Stealing content or creating low quality, spammy content is as bad as it gets for black hat SEO.
You might not know whether you’re breaking the rules, so let’s lay this out really clearly:
DON’T republish existing posts without attribution.
DON’T rewrite content that already exists.
Not only is stealing content unethical, Google doesn’t like duplicate content.
Why? Because it doesn’t help your human readers who want something unique, educational, trustworthy.
So, in most cases, stealing content won’t even help your rankings.
In fact, this is what Google’s Panda update was made to target.
You’re better off creating truly unique, useful content, all as part of a comprehensive content marketing strategy.
When you do, don’t pay peanuts for poor content that crams in keywords.
Your users will not thank you for it.
Remember, Google rewards websites with good “engagement signals”.
Of all the engagement signals, Google pays VERY close attention how long people stay on your page.
If Google notices that people are leaving just moments after they got there, your rankings will drop.
It doesn’t matter how many keywords are stuffed in your content.
Invest in a content strategy that focuses on crafting engaging content guaranteed to draw in readers and keep them coming back for more.
If you don’t have the resources to do it, pay some experienced content writers to help.
As part of your strategy, make sure you are generating long-form content.
A recent study of search engine ranking factors found a strong link between in-depth content and rankings:
What does this mean?
Content that ranks well covers an entire topic on one page.
For example, if you sell office furniture, you might create a massive 5,000-word guide to choosing the right desk. It would cover ergonomics, trends in office design, and all the other factors that influence purchasing decisions.
Because the guide shows you EVERYTHING you need to know about office furniture, it would probably rank much higher than the competition in Google.
But most important, readers would find it valuable and useful, which means they are more likely to return to you later in their buying journey.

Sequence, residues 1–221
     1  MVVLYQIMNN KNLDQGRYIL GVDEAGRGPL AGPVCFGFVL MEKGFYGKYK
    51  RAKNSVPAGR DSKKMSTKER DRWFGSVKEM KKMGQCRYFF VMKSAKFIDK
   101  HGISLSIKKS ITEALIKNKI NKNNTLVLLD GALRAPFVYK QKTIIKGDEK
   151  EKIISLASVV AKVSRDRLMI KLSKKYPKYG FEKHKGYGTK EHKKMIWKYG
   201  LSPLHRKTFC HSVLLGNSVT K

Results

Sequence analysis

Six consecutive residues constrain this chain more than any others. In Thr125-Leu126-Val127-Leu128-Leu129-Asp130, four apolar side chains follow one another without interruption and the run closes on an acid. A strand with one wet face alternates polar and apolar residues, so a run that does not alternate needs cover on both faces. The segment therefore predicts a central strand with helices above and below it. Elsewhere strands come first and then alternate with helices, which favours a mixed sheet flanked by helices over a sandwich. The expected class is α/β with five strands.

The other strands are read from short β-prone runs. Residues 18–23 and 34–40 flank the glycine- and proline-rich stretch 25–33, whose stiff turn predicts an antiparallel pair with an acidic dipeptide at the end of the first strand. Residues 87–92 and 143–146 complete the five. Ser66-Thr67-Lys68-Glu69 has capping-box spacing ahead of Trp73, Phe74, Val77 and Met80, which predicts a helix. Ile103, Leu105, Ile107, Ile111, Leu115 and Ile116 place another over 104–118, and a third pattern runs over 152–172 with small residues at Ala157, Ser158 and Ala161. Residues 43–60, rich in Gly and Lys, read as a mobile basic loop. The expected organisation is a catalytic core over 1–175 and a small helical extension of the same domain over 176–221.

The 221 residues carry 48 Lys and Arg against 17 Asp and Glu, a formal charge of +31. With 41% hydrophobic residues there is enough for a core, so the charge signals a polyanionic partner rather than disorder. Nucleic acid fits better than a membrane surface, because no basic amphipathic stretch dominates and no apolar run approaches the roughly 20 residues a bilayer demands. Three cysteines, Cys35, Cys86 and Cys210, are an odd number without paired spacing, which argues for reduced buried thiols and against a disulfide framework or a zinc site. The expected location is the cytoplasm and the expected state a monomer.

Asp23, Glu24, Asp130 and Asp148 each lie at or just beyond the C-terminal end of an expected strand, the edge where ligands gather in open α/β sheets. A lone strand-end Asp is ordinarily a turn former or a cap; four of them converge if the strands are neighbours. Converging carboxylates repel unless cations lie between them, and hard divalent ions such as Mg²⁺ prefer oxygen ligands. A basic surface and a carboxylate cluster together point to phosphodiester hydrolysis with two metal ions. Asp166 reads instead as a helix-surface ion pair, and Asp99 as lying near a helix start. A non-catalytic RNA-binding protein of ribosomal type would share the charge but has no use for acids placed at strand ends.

Let’s talk more about useful content – how important is it really?
Google has an AI technology called Google RankBrain which lets it measure whether or not searchers are satisfied with a particular set of search results.
If your content gives searchers what they want, Google will rank you higher.
Unique and useful content is a massive part of white hat SEO – you cannot afford NOT to do it right.
4. Link building.
We’ve talked before about how important link building is to search engine optimisation.
The strength of your link building strategy is by far the biggest factor in Google’s decision-making process.
Even fresh content comes in second to your link building.
Check out the top ranking pages for your keyword and you can bet they all have a good number of quality backlinks.
That’s how Google works.
The problem is, building links isn’t a fast or easy task. It takes TIME.
So what’s the alternative? Buying links.
Sure, on the fact of it, buying links is a quick and easy way to get a bunch of high-quality links from sites that will boost your site.
BUT this black hat tactic can attract a severe penalty you get found out.
Here’s what Google says:
“Buying or selling links that pass PageRank can dilute the quality of search results. Participating in link schemes violates the Google’s Webmaster Guidelines and can negatively impact a site’s ranking in search results.”
You got it – buying links VIOLATES Google’s guidelines.
Challenging though it might be, you need to build links.
First, think quality over quantity.
Google looks for signals to show that your backlinks have been earned.
Focus on earning backlinks authoritative sites that people trust and respect.
If one high authority site like Forbes links to you, that’s way more effective than getting links from heaps of non-authoritative sites.